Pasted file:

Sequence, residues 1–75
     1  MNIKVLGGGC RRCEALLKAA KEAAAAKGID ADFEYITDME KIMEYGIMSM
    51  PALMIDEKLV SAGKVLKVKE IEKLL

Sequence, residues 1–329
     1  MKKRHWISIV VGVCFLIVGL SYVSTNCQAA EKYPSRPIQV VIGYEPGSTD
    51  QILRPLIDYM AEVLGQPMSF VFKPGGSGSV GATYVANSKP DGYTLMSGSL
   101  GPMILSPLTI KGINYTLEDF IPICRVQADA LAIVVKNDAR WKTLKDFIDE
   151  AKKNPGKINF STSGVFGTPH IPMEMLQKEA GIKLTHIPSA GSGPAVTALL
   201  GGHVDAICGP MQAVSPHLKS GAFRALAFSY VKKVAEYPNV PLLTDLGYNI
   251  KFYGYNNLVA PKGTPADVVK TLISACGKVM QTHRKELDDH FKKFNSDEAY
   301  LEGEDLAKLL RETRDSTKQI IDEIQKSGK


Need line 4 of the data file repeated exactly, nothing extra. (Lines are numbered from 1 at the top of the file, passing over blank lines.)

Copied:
Sequence, residues 1–329